An Interesting Angle on Metal Prototyping

 Transforming a 3D print into a more usable prototype

Transforming a 3D print into a more usable prototype

Prototyping has long been a key application for 3D printing, but here’s a new approach. 

BigRep has been helping businesses do exactly that, particularly in very large sizes. You see, their line of 3D printers specializes in extremely large build volumes. Their BigRep One, for example, boasts a near 1 x 1 x 1m build volume, hence it’s name. 

Due to the nature of the thermoplastic extrusion process and open-style machine they use, they are unable to 3D print very large objects in some engineering materials. But that’s ok, as there is still quite a bit of prototyping to do by simply 3D printing the large shapes. 

The customers they are attracting recently tend to be industrial clients that produce large pieces, such as huge propellors, bathtubs or similar objects. 

But these objects are typically made of metal. 

That’s not something BigRep can 3D print. And if these clients happened to consider 3D printing prototypes using actual 3D metal printers, they’d be shocked at the price of their prints. 3D metal printing is a very expensive proposition, and it would be absurdly expensive to 3D print 1m sized objects in this manner only as prototypes. 

The key to effective prototyping is to keep the costs and time as low as possible. That’s not happening with 3D metal printing, at least with current tech. 

However, it seems that BigRep has come up with an intermediate method that gets a better approximation of the final part. How is this done? With metal plating. 

They’ve partnered with Polymertal, an Israel-based company that provides, among other things, a metal plating and 3D smoothing service.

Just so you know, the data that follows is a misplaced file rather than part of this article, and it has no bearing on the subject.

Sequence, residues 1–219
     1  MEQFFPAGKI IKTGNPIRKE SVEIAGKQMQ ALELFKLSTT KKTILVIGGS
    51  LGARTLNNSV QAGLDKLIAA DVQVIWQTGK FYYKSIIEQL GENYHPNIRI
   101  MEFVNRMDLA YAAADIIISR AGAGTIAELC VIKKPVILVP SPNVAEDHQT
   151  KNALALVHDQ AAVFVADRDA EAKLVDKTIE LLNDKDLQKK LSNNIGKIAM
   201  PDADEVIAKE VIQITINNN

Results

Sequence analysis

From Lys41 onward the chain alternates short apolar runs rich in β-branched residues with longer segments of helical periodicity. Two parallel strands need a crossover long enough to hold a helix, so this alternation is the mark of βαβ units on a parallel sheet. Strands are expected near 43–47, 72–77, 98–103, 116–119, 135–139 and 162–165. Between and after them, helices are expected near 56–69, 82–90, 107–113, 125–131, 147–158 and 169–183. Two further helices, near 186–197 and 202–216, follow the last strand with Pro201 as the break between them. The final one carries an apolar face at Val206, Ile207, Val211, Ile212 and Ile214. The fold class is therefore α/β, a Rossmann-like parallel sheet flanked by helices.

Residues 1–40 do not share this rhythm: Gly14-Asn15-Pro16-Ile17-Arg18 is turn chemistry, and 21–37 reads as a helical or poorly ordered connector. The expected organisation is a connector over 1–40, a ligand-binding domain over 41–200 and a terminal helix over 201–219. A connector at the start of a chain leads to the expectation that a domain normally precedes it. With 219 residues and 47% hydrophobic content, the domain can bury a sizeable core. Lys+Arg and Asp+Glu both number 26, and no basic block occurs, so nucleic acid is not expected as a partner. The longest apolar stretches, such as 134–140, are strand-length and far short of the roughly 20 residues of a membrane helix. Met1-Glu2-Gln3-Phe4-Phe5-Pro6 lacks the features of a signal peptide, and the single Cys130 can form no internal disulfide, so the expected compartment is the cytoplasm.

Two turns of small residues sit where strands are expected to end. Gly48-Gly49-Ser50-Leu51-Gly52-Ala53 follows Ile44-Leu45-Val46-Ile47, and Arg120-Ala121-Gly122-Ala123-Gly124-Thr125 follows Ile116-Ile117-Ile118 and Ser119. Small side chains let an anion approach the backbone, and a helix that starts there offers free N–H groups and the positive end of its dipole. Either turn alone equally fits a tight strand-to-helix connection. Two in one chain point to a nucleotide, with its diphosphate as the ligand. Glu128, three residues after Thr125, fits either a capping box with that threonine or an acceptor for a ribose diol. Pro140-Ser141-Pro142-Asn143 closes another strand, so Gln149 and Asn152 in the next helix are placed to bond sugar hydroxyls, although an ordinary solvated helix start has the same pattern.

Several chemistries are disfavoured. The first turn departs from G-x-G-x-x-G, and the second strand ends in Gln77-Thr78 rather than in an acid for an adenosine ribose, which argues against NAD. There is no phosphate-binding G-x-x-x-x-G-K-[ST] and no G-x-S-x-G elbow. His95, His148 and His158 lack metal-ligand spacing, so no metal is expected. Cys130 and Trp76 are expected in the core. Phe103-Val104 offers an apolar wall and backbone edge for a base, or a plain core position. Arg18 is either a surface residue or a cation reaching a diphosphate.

By metal plating parts, BigRep with their partner are able to create prototype parts that exhibit more properties of the final part - albeit not a complete set. 

Such parts would be able to, for example, be exposed to chemicals that could otherwise damage the part, exhibit suitable surface characteristics, or provide appropriate electrical conductivity. However, you’d have to watch out for thermal challenges, as the thermoplastic interior of the plated part would still soften under sufficient heat, even though it would be somewhat stronger than thermoplastic alone. 

I think this is an excellent idea to partially close the functional gap on prototyping, particularly with larger objects that would otherwise be financially infeasible to produce. 

Via BigRep

General Fabb

Kerry Stevenson, aka "General Fabb" has been writing Fabbaloo posts since he launched the venture in 2007, with an intention to promote and grow the incredible technology of 3D printing across the world. So far, it seems to be working!

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